"I sold World Book Encyclopedia on the side, and I absolutely hated it," he confessed. "The boss pounded on me to go with World Book full time, saying I'd make three times as much as I would otherwise, but I told him, 'No way, I want to be a teacher!'"

In 1961, Cresap received a surprise classroom visit from E.B. Churchill, superintendent of Cloquet schools, along with assistant superintendent Ollie Hoyum, who had driven out to Valley City to recruit teachers.

"They had come and talked with the dean and told him they needed someone with both elementary and secondary degrees, or at the very least, elementary experience," explained Cresap. "They went through the files, found mine and pulled it, and they asked the dean to go get me out of class. I fit their bill perfectly, and they said they wanted me to come to Cloquet to be the science and math coordinator for grades K-12."

In the meantime, however, Cloquet chemistry and physics teacher P.K. Peterson announced he was planning to take a sabbatical to complete his master's degree, so Cresap was asked if he would take Peterson's classes for a year and start the other job the following year.


"I said that was fine, came here and found a place for us to live," Cresap related. "I was really busy that first year, teaching physics and chemistry and math. Sometimes I would be up all night at the school getting labs ready."

During that first year, however, Churchill died - and the plan for Cresap's future position died with him. It just so happened there was a science and math vacancy at the high school the following year, so Cresap landed the job, teaching two sections of physics and three of geometry.

"I thoroughly enjoyed teaching those subjects," said Cresap. "Physics and math are a great combination to teach, as math is considered a tool of physics."

After earning his master's degree in math and physics from the University of South Dakota in 1968, Cresap later began teaching night classes at Fond du Lac Tribal and Community College as well.

Around that same time, Governor Rudy Perpich threw his support toward a program called PSEO (Post-Secondary Enrollment Options), which provided release time for students to leave the high schools and go to college campuses to take courses.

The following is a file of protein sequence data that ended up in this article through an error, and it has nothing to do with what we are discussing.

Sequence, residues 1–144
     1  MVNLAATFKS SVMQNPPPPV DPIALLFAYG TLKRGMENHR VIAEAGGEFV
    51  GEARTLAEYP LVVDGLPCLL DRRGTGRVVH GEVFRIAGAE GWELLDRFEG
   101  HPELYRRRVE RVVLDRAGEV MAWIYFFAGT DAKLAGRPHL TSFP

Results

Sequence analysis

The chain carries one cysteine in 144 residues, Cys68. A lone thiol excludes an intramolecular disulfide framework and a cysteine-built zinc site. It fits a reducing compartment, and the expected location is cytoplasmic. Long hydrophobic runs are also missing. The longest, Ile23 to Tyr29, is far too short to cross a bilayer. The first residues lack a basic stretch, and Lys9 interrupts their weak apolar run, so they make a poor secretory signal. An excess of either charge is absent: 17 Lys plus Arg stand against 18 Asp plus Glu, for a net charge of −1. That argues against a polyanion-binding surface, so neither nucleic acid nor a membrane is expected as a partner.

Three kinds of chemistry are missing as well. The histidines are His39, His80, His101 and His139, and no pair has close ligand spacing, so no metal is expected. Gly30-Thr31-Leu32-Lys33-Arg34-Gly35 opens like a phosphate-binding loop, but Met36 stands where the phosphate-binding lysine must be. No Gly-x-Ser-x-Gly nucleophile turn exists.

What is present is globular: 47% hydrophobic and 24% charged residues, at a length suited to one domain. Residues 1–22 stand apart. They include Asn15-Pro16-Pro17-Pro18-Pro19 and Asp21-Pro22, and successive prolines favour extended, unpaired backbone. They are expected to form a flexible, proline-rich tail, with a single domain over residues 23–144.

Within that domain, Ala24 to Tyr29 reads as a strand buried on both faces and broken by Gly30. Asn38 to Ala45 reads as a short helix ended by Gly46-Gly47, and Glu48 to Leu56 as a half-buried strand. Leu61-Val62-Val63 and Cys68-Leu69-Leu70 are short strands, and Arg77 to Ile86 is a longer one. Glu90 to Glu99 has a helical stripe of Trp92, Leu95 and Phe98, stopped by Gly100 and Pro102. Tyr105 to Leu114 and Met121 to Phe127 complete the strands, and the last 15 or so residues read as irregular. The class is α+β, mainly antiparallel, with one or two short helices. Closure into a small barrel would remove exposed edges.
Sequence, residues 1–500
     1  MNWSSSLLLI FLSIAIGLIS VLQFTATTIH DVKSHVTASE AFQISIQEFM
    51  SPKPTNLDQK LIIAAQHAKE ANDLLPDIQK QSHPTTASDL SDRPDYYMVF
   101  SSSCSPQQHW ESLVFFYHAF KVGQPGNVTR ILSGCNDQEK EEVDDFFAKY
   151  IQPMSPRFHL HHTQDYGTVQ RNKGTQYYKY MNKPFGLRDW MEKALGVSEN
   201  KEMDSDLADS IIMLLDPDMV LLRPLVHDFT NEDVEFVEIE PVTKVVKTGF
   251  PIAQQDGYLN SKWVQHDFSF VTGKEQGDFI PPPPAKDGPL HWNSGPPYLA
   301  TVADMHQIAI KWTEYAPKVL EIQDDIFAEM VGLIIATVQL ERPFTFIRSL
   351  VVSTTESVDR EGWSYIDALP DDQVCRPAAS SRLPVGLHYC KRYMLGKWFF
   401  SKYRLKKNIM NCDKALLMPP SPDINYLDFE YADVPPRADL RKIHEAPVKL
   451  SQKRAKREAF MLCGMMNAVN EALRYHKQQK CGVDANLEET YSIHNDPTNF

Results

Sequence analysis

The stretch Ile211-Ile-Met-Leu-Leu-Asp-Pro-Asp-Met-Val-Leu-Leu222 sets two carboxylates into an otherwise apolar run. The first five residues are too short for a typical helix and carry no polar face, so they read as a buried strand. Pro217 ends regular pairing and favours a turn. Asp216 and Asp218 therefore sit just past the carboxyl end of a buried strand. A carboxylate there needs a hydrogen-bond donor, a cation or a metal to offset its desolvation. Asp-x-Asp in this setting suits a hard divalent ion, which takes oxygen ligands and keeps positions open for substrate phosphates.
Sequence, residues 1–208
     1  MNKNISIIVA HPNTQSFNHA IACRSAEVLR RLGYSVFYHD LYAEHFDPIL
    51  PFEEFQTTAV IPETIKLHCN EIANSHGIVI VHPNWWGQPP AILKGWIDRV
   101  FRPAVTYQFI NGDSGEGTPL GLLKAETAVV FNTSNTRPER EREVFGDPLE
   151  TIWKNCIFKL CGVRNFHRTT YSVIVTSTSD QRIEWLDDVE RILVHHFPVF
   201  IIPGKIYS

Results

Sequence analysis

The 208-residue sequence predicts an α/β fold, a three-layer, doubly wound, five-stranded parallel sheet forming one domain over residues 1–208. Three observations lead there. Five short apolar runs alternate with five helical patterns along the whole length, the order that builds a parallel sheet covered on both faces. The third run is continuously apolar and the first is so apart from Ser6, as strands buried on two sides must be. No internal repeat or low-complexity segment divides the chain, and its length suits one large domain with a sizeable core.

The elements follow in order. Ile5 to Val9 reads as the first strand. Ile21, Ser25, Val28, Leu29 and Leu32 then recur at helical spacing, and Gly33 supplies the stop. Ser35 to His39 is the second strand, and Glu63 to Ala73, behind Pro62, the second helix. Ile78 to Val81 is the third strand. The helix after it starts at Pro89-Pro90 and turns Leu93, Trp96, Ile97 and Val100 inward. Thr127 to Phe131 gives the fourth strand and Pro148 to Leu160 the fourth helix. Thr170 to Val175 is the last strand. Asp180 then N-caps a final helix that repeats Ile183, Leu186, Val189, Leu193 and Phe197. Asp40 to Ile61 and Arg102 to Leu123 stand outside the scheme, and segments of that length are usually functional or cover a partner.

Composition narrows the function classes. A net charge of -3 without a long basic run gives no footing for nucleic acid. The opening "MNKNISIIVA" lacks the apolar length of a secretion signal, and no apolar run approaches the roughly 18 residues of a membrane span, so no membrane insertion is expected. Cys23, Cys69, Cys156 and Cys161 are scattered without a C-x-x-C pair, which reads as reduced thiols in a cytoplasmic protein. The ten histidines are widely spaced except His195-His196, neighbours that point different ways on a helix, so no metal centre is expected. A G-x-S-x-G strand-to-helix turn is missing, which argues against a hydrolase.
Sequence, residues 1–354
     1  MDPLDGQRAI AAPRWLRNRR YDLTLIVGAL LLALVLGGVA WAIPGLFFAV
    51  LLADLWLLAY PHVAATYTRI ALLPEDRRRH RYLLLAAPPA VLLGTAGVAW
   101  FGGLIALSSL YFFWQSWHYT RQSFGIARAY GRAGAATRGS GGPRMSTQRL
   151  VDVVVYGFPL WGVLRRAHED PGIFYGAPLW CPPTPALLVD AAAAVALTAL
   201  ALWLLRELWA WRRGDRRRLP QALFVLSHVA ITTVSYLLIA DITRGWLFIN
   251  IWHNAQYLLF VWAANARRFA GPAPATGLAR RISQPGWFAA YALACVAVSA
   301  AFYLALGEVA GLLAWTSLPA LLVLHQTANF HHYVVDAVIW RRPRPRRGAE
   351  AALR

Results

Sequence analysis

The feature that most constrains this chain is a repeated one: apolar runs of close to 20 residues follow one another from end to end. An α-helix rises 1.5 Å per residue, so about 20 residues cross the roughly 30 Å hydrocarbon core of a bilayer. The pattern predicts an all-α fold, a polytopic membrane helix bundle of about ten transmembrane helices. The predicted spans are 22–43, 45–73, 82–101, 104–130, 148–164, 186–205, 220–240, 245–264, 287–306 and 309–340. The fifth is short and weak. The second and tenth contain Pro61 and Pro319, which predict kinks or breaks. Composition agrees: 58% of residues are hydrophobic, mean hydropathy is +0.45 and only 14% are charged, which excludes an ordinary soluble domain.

"I, being a high school teacher," said Cresap, "wasn't all that fond of it because the students would want to leave my class early and then come back late and say, 'What did we miss?' after the rest of the students were already 10 minutes into the class. It wasn't a real easy thing to deal with at the time, even though it was a good thing for the kids to have that kind of opportunity."

After a couple of years, Cresap approached FDLTCC President Jack Briggs and Cloquet School Superintendent Russ Smith and pitched the idea of having his entire class of physics students take the course for college credit through FDLTCC - while remaining right in his high school classroom.

"I figured as long as we had a college right here in town, and I was already teaching there," he reasoned, "we could go ahead and do that."


Smith and Briggs discussed the idea at length and they were very enthusiastic about it, and the new program became known as Vision 2000. As it turned out, the state passed enabling legislation for that very type of program around that same time, so that gave the local district permission to go ahead and do the program, beginning in 1987.The name of the program was later changed to College in the Schools, but the concept remained the same.

After Cresap retired from Cloquet High School in 1991, after 30 years of teaching, Briggs asked him to consider teaching more classes at the college, so Cresap began teaching algebra and physics part time, which lasted until 1995. He also worked as the state science assessment coordinator for the Minnesota Department of Education.

Since Cresap had coordinated the College in the Schools program at CHS since 1987, he agreed to take on a part-time job as director of the fast-growing program at FDLTCC in 1995.